Australia's Great Barrier Reef extinct within 30 years
Starfish-eating coral and coral bleaching are among the reasons as to why
A treasure trove of rare marine life and activity, Australia's Great Barrier Reef has gradually shrunk to half of its former size over the past 27 years. The world's largest coral reef ecosystem has been in steep decline due to various ecological factors, both natural and man-made.
A treasure trove of rare marine life and activity, Australia's Great Barrier Reef has gradually shrunk to half of its former size over the past 27 years.
"I hear of the changes anecdotally, but this is the first long-term look at the overall status of the reef. There are still a lot of fish, and you can see giant clams, but not the same color and diversity as in the past," she says.
Fabricius and her colleagues surveyed 214 different reefs around the Great Barrier Reef and compiled information from 2,258 surveys to determine the rate of decline between 1985 and 2012. With the overall 50 percent decline, the scientists estimate that the reef is losing about 3.4 percent of itself annually.
The relatively pristine northern region, however, has shown no decline over the past two decades.
The reef's decline is attributed to several factors. The biggest factors are smashing from tropical cyclones, crown-of-thorns starfish that eat coral and are boosted by nutrient runoff from agriculture and coral bleaching from high-temperatures, which are rising due to climate change.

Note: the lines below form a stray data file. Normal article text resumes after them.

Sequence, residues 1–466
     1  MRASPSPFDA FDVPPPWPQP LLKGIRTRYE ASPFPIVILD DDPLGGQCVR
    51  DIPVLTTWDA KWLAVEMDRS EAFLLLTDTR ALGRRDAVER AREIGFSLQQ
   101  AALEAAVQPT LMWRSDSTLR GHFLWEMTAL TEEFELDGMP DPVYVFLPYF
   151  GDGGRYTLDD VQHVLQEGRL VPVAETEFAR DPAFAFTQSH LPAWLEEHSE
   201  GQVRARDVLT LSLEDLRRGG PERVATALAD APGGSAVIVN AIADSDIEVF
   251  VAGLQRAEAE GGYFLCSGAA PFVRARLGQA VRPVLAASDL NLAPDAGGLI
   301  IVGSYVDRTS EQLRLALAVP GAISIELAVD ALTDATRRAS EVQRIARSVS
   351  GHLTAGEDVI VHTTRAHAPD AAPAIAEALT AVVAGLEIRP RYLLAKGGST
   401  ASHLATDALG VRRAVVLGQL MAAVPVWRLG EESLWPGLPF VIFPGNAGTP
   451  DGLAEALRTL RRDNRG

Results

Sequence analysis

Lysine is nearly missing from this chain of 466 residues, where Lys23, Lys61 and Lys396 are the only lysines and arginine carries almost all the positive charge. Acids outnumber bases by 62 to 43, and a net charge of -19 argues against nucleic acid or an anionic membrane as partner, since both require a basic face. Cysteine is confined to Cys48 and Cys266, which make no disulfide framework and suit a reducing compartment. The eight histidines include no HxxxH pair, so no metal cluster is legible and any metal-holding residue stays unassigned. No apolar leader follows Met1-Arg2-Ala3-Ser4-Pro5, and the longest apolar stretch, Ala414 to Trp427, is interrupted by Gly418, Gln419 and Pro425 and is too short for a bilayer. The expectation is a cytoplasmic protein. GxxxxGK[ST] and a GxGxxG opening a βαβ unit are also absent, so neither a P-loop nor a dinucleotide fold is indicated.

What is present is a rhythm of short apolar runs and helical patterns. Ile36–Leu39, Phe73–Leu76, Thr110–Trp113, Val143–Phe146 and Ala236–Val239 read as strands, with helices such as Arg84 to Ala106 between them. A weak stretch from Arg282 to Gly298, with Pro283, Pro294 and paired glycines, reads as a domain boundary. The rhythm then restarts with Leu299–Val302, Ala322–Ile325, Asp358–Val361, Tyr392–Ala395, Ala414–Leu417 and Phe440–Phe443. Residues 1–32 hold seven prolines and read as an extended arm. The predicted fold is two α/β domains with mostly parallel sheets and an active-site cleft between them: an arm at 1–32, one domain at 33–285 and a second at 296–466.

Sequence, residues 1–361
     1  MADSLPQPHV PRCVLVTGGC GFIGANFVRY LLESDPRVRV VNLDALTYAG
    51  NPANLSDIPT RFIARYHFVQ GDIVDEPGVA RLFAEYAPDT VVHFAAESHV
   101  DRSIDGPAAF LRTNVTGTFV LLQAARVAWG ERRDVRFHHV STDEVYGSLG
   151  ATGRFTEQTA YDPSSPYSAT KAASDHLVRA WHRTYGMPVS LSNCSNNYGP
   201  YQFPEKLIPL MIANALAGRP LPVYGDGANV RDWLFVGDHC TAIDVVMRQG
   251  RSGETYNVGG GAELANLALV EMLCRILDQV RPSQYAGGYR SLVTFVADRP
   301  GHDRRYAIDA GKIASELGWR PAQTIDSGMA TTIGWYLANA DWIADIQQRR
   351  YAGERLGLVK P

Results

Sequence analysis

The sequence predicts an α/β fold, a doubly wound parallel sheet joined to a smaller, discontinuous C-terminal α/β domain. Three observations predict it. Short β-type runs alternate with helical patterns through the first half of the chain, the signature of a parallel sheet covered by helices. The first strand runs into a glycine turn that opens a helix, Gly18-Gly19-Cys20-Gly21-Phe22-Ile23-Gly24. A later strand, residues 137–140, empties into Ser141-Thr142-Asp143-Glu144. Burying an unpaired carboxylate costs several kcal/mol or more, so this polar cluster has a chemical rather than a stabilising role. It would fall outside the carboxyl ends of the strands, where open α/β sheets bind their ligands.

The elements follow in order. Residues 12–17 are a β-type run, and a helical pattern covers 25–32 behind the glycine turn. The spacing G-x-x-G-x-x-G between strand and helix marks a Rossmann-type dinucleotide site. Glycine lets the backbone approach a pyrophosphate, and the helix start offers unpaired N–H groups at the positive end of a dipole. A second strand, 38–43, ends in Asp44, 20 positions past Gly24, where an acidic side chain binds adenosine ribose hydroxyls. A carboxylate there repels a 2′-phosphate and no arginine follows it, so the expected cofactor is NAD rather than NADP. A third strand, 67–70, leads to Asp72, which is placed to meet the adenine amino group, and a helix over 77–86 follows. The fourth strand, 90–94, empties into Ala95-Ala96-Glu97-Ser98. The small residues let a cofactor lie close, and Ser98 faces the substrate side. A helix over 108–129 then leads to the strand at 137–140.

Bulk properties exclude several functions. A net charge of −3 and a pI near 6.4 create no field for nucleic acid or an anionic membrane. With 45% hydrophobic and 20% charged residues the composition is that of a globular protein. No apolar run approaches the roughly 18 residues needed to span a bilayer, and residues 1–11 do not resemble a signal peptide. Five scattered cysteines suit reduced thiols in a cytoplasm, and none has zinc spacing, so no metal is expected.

Coral bleaching is the process in which ocean temperatures rise and cause the corals to expel their zooxanthellae - the tiny photosynthetic algae that live in the coral's tissues.
"This is a really grim wake-up call," John Bruno says a biologist at UNC Chapel Hill. "The GBR [Great Barrier Reef], which only 10 years ago was considered the world's most pristine and resilient coral reef is clearly not better off and no less threatened than any other reef. I am bullish on the long-term survival of reefs, but science like this is challenging that outlook."
Reducing carbon dioxide emissions are essential in order to maintain the reef. "International efforts to cap and reduce CO2 emissions are equally critical and must occur at the same time as cleaning up local impacts," Les Kaufman, a biologist at Boston University says.
Fabricius says not much can be done in the short term about the climate-change-driven frequency of cyclones - five category 5 storms in the past seven years have pounded the reefs - or high temperatures. There are efforts underway to stem the damage from starfish, which can grow up to 3 feet in diameter and sport long venomous spines and 21 arms. Young starfish feed on coral-making algae, leaving behind the coral's skeleton.
One project encourages farmers to adopt practices that limit the amount of nutrient-rich runoff draining into reef areas. Another would allow tour operators to manually remove starfish from tourist areas, which Fabricius admits isn't a solution, just a temporary fix.
Inaction is not an option at this point. "The problem is entirely soluble, and coral reefs can be saved through concerted effort over this and the following two or three generations," said Kaufman. "There is absolutely no excuse for failure to do this, and if we do fail our generation will forever be remembered for unimaginable, unforgivable stupidity and sloth."
© 2014 - Distributed by THE NEWS CONSORTIUM
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